The Food and Drug Administration (FDA) has a list of drugs it deems medically unnecessary and potentially dangerous for use in cancer patients.
The agency’s decision to ban all of these drugs from the market came after it heard a petition by the American Cancer Society.
But while the FDA made its decision, it also revealed it’s now taking a more active role in studying cancer growth, an area the agency says it’s never been able to fully engage with.
According to the new list, some of the drugs were previously approved for use against cancers of the liver and pancreas.
These drugs have been used to treat pancreatic cancer, lung cancer, and other cancers.
But cancer researchers said the FDA’s list of banned cancer treatments is a big departure from what’s been happening in cancer research and has raised questions about the agency’s ability to effectively regulate the use of these new cancer drugs.
The FDA lists many cancer drugs as “orphan drugs,” which means they were never approved for cancer patients but are still on the FDA-approved list of potentially harmful or inappropriate uses.
Many of these orphan drugs were designed to treat conditions that didn’t exist in patients at the time they were first developed.
For example, the drug rifampin, originally developed to treat hepatitis C, was approved in 2002 and was designed to fight the virus, but the FDA later decided it was unsafe and needed to be removed from the list.
Another example is a drug called ritonavir, originally designed to control meningococcal disease, was banned in 2009 and is now being used to fight other types of infections.
Anecdotal evidence suggests the FDA has had a difficult time regulating these new drugs, especially since some were used to combat infections that didn.
“We know that orphan drugs are used to target cancer cells that are dormant,” said Dr. Richard Karp, a professor of medicine and biochemistry at the University of Pennsylvania who was not involved in the study.
“There’s no evidence that they can effectively target cancer.”
When the FDA first announced the ban, the agency said it had been working with the American Society of Clinical Oncology to come up with a list to use for deciding whether to ban these drugs.
The list was to include cancer treatments for rare cancers like Hodgkin’s disease, breast cancer, leukemia, and lymphoma.
But it also included other cancer treatments that are relatively common in the U.S., like chemotherapy for skin cancer, for example.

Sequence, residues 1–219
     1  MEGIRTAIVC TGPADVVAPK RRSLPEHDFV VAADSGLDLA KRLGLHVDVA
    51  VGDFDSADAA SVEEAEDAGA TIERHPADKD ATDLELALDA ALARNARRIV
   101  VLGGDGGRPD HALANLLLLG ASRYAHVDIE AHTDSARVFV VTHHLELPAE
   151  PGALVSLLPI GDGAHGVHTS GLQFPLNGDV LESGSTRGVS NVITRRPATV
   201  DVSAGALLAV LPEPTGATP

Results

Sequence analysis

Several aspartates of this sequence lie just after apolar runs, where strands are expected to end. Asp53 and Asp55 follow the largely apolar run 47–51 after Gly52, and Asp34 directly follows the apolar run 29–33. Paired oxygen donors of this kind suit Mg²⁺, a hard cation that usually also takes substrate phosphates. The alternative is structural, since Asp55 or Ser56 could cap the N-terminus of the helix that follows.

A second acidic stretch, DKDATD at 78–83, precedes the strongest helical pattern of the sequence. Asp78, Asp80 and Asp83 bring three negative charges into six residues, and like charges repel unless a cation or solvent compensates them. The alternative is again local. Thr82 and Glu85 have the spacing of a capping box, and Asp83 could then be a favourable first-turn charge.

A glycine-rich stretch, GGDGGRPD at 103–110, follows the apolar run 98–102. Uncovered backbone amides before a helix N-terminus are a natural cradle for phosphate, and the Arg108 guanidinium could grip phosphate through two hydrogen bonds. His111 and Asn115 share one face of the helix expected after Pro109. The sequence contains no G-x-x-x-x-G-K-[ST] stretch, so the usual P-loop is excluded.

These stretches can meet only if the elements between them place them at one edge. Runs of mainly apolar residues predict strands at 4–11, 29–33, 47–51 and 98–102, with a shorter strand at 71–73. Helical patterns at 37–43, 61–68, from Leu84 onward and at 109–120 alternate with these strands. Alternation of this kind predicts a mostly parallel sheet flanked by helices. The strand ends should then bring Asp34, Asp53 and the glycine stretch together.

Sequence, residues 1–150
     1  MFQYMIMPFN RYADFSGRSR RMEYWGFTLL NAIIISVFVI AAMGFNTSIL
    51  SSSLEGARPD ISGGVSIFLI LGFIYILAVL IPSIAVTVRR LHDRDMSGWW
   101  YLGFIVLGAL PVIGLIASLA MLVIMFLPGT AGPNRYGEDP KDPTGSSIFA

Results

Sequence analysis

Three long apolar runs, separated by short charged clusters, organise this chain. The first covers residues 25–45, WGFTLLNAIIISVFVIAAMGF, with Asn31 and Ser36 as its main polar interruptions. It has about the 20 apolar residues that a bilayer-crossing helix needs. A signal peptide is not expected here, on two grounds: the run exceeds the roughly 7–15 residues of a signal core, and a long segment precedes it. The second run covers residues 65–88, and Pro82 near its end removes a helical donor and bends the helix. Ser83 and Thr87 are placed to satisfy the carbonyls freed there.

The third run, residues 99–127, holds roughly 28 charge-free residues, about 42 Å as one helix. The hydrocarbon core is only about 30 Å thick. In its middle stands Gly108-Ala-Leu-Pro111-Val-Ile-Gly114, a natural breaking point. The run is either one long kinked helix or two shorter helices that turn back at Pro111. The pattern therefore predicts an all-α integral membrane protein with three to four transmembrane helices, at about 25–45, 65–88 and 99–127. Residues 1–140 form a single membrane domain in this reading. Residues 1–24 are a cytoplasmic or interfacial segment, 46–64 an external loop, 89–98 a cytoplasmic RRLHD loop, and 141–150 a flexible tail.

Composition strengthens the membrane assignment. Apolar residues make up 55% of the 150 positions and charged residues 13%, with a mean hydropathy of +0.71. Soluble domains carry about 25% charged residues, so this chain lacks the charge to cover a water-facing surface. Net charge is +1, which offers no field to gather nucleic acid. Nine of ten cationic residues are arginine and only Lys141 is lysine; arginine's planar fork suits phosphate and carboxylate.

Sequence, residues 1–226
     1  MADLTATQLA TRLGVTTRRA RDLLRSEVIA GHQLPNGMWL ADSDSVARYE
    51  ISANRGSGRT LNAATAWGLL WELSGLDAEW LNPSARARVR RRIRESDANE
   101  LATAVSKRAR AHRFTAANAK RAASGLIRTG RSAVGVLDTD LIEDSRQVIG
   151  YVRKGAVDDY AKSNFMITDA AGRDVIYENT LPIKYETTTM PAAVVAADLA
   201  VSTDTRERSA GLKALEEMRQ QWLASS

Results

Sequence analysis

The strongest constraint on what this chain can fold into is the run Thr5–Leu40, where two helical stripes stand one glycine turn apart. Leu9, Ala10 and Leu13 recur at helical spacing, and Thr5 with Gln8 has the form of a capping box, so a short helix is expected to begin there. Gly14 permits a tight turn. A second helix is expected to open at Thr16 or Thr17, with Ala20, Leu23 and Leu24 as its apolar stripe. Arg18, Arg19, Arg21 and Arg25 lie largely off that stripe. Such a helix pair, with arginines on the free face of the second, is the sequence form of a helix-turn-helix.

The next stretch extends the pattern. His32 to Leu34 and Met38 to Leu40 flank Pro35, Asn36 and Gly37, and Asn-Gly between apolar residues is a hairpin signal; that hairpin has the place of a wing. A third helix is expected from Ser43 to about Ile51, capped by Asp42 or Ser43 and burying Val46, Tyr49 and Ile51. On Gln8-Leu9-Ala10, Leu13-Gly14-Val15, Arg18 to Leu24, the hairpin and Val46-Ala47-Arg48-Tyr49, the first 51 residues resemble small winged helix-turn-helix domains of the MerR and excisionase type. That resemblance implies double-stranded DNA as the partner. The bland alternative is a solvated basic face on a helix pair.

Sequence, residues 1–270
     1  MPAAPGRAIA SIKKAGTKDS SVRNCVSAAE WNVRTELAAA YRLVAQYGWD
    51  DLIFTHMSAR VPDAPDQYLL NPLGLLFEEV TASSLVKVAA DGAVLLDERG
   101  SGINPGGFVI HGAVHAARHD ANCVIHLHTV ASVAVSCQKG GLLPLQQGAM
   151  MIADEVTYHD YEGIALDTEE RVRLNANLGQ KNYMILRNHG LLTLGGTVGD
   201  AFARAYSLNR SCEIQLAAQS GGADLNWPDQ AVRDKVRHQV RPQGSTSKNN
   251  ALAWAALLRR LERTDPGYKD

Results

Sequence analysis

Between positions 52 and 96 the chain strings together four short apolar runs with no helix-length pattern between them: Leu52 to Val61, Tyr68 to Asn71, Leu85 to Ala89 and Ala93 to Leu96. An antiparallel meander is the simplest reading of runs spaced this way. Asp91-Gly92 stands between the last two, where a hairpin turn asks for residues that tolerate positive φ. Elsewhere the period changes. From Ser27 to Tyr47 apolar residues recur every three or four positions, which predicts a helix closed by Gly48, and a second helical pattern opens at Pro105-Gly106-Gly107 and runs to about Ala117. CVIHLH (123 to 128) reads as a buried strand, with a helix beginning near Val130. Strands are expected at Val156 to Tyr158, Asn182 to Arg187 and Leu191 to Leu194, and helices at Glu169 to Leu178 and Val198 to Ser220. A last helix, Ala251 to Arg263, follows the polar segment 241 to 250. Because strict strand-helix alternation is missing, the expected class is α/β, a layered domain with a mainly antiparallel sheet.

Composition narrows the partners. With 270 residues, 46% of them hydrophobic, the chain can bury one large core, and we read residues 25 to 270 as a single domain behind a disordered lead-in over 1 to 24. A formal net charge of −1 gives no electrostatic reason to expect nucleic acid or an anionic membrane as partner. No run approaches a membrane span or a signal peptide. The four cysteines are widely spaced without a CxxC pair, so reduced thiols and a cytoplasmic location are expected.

The FDA says the list should reflect what’s currently available for treating cancer patients in the United States.
A spokesperson for the FDA told the New York Times the agency had not yet decided on a new list for orphan drugs.
“The FDA is taking a comprehensive approach to the issue and is continuing to work closely with the scientific community to develop and share its recommendations with the Food and Drugs Administration,” the spokesperson said in a statement.
The new list of cancer drugs has also raised questions.
A recent study published in Nature Medicine found the FDA banned 17 drugs that were used for cancer in the past two decades and that have been approved for many other types to treat many other conditions.
But many of these banned drugs have never been used for other cancers or conditions.
One drug that the FDA said was on the banned list was called pravastatin.
It was approved to treat cancer of the prostate and colon in the early 1990s and has been used successfully in patients with multiple myeloma and pancreatic cancers.
It has been shown to be effective in a number of cancer types, but its use in breast cancer was not approved by the FDA until 2013.
“The FDA did not have the ability to evaluate these orphan compounds in the context of cancer and other medical conditions in a timely and meaningful manner prior to this ban,” said Steven Nissen, director of the National Cancer Institute’s Center for Biological Diversity, in a recent statement.
“This ban on these orphan therapies for cancer is an example of why it’s so important that FDA take the lead in ensuring that these medicines are safe for cancer use and that they are being evaluated for their potential benefits and risks.”
A spokesperson from the FDA also told the Times that the agency is not changing its decision to prevent these drugs in general.
“There is no reason to believe that the orphan drugs we’re currently prohibiting are likely to be more effective than the drugs currently on the approved list,” the agency spokesperson said.
“It’s also important to note that the drug list for the orphan compounds was established in an effort to protect patients from inappropriate and potentially harmful treatments.”